In early 2014, the UMD Libraries published its first Digital Preservation Policy. In the policy, we specify that it must be reviewed on an annual basis, and so this summer, a small task force consisting of myself, Robin Pike, and Joanne Archer reviewed the document, and made a few minor changes. The most significant change was to add an entire section about “Financial Commitment.” The other change was to modify how we approach actual implementation of the plan. More on that below, but first, what have we accomplished in the past year?
In the past year, various players at the UMD Libraries have embarked on projects or development that ultimately ties into our Digital Preservation Policy. These activities include:
- A repository research team (Jennie Knies, Ben Wallberg, Babak Hamidzadeh) developed a high-level requirements document for a Bit-Level Preservation System. Ben Wallberg presented on these requirements at Open Repositories 2014 in Helsinki, Finland
- Software Systems Development and Research (SSDR) installed the ACE Audit Manager tool on our Digital Repository at the University of Maryland (DRUM) DSpace system
- A task force consisting of Jennie Knies (DSS), and Joanne Archer and Cassie Schmitt (Special Collections) continued the work of the UMD’s Born-Digital Working Group to finalize workflows for processing born-digital archival and manuscript materials. While not complete, we have developed a plan to complete the first stage of workflows by the end of 2014
- Over 120,000 files created and archived to UMD’s Division of Information Technology and subsequently to Iron Mountain and enhanced workflow for documenting said files
- Robin Pike and Jennie Knies published “Catching Up: Creating a Digital Preservation Policy,” in Archival Practice 1, no. 1 (2014)
- Began plans for upgrading Fedora repository from Fedora 2.2.2 to Fedora 4.0
Much of the work involving documentation and policy development, however, remains abstract and somewhat elusive. In the past year, we have attempted to pull together all documentation of policies and procedures relating to digital preservation activities. We have also begun the process of researching real costs of digital preservation (storage costs, human resources, etc.) In addition, I have written something that I informally call “Policies of Where to Put Stuff,” and formally something like “Digital Preservation Networks Policy,” a document for which I have had writer’s block for the last four months, but hope to finish soon, as it is integral to how we manage digital content moving forward.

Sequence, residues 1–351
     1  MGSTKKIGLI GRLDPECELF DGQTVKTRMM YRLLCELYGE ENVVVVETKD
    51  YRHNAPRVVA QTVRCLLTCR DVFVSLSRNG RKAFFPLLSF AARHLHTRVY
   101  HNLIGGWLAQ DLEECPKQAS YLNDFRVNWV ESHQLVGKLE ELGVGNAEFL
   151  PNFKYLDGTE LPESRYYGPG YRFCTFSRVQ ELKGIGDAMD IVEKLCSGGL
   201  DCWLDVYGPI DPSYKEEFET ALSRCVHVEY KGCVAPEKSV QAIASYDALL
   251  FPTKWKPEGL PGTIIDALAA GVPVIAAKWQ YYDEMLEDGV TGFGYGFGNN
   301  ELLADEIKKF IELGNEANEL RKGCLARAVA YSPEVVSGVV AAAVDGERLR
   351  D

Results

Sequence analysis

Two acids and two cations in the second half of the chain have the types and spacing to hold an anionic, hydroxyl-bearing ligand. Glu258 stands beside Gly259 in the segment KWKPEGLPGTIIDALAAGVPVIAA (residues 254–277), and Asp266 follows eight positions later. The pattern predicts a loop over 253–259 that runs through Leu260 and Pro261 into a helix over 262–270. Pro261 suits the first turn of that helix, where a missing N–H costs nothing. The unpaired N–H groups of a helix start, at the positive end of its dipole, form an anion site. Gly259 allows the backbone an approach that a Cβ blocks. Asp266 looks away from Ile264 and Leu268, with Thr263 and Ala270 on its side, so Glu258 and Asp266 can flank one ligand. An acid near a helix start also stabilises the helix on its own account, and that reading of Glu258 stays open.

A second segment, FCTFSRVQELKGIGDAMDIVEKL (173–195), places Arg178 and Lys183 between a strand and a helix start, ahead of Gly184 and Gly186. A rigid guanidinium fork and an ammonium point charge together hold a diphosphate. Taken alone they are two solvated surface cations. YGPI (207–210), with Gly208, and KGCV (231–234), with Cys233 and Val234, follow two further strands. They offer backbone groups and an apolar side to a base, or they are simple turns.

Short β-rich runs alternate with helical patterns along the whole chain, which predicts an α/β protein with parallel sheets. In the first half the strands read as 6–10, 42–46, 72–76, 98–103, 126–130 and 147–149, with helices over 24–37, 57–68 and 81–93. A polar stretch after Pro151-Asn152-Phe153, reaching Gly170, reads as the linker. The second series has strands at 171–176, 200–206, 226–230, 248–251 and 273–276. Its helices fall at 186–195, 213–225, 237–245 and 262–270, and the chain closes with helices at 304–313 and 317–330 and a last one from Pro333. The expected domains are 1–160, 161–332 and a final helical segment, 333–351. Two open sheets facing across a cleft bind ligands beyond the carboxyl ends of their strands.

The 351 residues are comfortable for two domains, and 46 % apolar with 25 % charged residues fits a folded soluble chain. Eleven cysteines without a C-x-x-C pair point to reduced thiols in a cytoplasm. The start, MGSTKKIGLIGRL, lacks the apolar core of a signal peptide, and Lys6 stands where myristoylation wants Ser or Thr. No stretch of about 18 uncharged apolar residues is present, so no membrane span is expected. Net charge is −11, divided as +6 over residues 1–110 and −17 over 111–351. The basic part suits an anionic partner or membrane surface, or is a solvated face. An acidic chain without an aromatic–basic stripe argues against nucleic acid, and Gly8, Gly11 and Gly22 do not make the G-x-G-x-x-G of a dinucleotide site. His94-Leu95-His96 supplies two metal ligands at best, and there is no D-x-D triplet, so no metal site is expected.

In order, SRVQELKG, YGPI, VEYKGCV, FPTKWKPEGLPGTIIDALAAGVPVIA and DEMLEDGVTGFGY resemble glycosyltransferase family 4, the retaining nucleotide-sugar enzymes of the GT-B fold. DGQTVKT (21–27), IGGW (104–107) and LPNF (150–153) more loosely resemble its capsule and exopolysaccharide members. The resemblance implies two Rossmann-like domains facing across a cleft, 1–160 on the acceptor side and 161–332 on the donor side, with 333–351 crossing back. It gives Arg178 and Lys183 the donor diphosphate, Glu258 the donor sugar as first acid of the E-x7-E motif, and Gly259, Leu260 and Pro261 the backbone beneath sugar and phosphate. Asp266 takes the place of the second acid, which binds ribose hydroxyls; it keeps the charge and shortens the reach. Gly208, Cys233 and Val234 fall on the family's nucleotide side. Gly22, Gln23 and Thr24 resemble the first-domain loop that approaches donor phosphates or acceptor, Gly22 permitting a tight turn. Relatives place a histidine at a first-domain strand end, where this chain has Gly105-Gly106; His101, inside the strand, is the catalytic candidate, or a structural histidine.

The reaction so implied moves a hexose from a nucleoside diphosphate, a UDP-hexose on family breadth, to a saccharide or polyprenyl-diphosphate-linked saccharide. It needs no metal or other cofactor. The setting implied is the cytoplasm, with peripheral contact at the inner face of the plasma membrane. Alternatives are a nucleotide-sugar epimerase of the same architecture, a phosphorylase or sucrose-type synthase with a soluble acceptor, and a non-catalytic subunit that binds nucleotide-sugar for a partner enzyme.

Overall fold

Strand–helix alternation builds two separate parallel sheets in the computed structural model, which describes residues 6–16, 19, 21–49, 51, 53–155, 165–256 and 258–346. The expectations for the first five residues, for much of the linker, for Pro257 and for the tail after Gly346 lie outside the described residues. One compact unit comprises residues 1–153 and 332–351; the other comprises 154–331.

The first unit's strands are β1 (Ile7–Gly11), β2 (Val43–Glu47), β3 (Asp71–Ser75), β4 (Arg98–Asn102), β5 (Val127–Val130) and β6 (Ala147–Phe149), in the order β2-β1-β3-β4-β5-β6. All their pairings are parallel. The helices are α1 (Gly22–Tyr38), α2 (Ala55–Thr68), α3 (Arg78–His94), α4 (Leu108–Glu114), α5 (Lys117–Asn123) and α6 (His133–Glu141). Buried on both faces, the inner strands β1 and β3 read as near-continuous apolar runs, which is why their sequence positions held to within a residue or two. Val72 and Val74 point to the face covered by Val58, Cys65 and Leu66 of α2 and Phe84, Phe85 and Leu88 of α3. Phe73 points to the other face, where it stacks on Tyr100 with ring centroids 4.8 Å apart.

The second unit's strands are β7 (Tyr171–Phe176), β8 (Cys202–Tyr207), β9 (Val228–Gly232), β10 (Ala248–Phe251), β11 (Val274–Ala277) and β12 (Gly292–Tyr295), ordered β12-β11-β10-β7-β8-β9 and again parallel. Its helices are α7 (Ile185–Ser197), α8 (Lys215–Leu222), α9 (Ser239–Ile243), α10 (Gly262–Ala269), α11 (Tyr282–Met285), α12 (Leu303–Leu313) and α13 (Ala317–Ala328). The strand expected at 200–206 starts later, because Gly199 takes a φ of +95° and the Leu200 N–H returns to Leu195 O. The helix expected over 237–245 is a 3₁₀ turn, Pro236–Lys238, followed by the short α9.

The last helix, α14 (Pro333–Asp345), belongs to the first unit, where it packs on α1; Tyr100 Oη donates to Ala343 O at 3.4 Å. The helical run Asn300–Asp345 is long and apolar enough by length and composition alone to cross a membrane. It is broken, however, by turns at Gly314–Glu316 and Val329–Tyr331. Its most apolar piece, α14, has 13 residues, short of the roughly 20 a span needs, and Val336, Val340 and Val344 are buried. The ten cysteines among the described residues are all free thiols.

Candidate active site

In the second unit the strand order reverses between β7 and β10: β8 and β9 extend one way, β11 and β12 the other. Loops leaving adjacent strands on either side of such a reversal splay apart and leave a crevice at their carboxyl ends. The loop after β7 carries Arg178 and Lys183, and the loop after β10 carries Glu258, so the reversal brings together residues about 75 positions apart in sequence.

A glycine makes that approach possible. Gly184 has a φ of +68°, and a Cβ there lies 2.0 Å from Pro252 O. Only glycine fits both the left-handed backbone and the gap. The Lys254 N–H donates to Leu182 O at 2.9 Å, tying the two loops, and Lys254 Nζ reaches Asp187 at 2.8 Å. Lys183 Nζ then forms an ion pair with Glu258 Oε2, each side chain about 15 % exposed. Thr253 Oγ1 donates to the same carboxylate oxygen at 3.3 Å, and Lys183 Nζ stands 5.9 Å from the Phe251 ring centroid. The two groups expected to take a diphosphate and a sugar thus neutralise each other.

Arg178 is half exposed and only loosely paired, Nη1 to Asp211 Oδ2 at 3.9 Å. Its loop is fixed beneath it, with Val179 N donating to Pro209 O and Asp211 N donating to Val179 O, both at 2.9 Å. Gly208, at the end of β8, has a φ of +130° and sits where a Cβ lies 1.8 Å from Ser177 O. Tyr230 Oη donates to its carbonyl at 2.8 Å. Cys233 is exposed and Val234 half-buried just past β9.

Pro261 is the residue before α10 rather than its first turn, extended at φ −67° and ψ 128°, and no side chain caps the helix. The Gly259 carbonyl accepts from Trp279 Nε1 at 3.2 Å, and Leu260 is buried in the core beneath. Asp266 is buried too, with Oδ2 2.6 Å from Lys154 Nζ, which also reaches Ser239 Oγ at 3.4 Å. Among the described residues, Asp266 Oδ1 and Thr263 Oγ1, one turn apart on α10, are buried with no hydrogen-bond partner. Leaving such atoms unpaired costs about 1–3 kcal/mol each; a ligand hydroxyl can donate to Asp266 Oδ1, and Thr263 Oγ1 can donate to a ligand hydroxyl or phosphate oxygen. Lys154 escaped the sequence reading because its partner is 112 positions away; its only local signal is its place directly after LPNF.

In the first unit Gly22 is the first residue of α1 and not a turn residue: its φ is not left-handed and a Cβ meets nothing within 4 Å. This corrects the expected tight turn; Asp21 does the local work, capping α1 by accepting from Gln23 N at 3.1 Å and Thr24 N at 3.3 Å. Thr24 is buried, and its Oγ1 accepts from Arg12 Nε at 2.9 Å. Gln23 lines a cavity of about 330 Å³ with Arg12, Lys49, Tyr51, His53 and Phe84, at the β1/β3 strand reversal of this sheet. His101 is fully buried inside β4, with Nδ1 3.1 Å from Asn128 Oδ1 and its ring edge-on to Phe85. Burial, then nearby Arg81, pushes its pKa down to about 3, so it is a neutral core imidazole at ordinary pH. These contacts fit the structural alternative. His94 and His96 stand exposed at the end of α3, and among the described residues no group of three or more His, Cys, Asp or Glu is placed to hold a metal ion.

The Digital Preservation Policy, intended to be a high-level document to guide the creation and implementation of additional policies and procedures related to digital preservation, contained an appendix intended to outline the documentation necessary to implement the plan. The appendix in the original plan was based on the Center for Research Libraries, Metrics for Repository Assessment, which were based on the ISO 14721:2012 standard. This standard is commonly referred to as the OAIS reference model and was developed through the Consultative Committee for Space Data Systems (CCSDS.) The appendix was very detailed and while it was broken into easily-understandable categories and clearly defined the types of policies and procedures we needed to establish, we have found it difficult to map those requirements and categories to the policies and procedures currently in place.
In July, I was fortunate enough to attend Digital Preservation 2014, the annual meeting of the National Digital Information Infrastructure and Preservation Program and the National Digital Stewardship Alliance. There I heard a wonderful presentation by Bert Lyons from AVPreserve entitled, Mapping Standards for Richer Assessments: NDSA Levels of Digital Preservation and ISO 16363:2012. That was my “A-ha!” moment. As Bert pointed out in his presentation, ISO 16363:2012 is very long and there is a lot of overlap between individual components. AVPreserve have created a wonderful document that maps the NSDA levels of digital preservation and the ISO requirements.
The NDSA Levels for Digital Preservation for those who are not familiar, are incredibly straightforward. They are in a table and broken into five primary sections: Storage and Geographic Location, File Fixity and Data Integrity, Information Security, Metadata, and File Formats. Associated with each category are four increasingly more rigid levels of digital preservation. For example, to fit into Level 1 under Storage and Geographic Location, the requirement is to have two copies that are not collocated, and to move files from things like hard drives or DVDs onto your own storage media ASAP. Done! We have achieved Level 1.
As I write, my graduate student is creating a version of the NDSA Levels that we can annotate. I loved the simple suggestion by Bret that we use the NDSA Levels as a sort of bar graph to visualize our progress. We then plan to then use the AVPreserve mapping document to do a more detailed analysis of where we currently stand, and where we need to go with our digital preservation program.
Initially, we wondered if annual review of the Digital Preservation Policy was excessive. However, in these early stages of our program, I realize now how important it is to take stock at regular, and frequent intervals. The UMD Libraries are currently also revising our strategic plan, and the results of that activity will most likely make for interesting revisions in 2015, when we sit down to review the policy again.